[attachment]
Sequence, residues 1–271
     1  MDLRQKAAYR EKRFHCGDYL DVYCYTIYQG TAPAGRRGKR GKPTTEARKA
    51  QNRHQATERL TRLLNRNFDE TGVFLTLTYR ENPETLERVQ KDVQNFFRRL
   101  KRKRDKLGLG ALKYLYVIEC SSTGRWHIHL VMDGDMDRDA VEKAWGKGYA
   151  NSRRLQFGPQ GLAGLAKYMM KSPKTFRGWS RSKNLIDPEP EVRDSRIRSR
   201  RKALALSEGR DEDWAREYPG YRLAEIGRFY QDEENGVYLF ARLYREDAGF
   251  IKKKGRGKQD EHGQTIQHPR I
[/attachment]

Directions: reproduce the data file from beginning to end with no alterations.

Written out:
Sequence, residues 1–271
     1  MDLRQKAAYR EKRFHCGDYL DVYCYTIYQG TAPAGRRGKR GKPTTEARKA
    51  QNRHQATERL TRLLNRNFDE TGVFLTLTYR ENPETLERVQ KDVQNFFRRL
   101  KRKRDKLGLG ALKYLYVIEC SSTGRWHIHL VMDGDMDRDA VEKAWGKGYA
   151  NSRRLQFGPQ GLAGLAKYMM KSPKTFRGWS RSKNLIDPEP EVRDSRIRSR
   201  RKALALSEGR DEDWAREYPG YRLAEIGRFY QDEENGVYLF ARLYREDAGF
   251  IKKKGRGKQD EHGQTIQHPR I